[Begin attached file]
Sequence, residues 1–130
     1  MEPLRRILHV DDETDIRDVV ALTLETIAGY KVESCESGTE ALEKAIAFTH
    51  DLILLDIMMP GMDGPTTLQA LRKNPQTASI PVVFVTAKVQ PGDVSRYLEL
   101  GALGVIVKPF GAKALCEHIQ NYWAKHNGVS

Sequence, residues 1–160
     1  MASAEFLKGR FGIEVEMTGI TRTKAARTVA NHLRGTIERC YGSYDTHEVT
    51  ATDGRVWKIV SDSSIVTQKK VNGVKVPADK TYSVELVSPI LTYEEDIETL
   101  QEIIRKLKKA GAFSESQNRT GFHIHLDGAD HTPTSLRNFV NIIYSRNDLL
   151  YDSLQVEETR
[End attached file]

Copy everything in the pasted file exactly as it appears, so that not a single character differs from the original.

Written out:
Sequence, residues 1–130
     1  MEPLRRILHV DDETDIRDVV ALTLETIAGY KVESCESGTE ALEKAIAFTH
    51  DLILLDIMMP GMDGPTTLQA LRKNPQTASI PVVFVTAKVQ PGDVSRYLEL
   101  GALGVIVKPF GAKALCEHIQ NYWAKHNGVS

Sequence, residues 1–160
     1  MASAEFLKGR FGIEVEMTGI TRTKAARTVA NHLRGTIERC YGSYDTHEVT
    51  ATDGRVWKIV SDSSIVTQKK VNGVKVPADK TYSVELVSPI LTYEEDIETL
   101  QEIIRKLKKA GAFSESQNRT GFHIHLDGAD HTPTSLRNFV NIIYSRNDLL
   151  YDSLQVEETR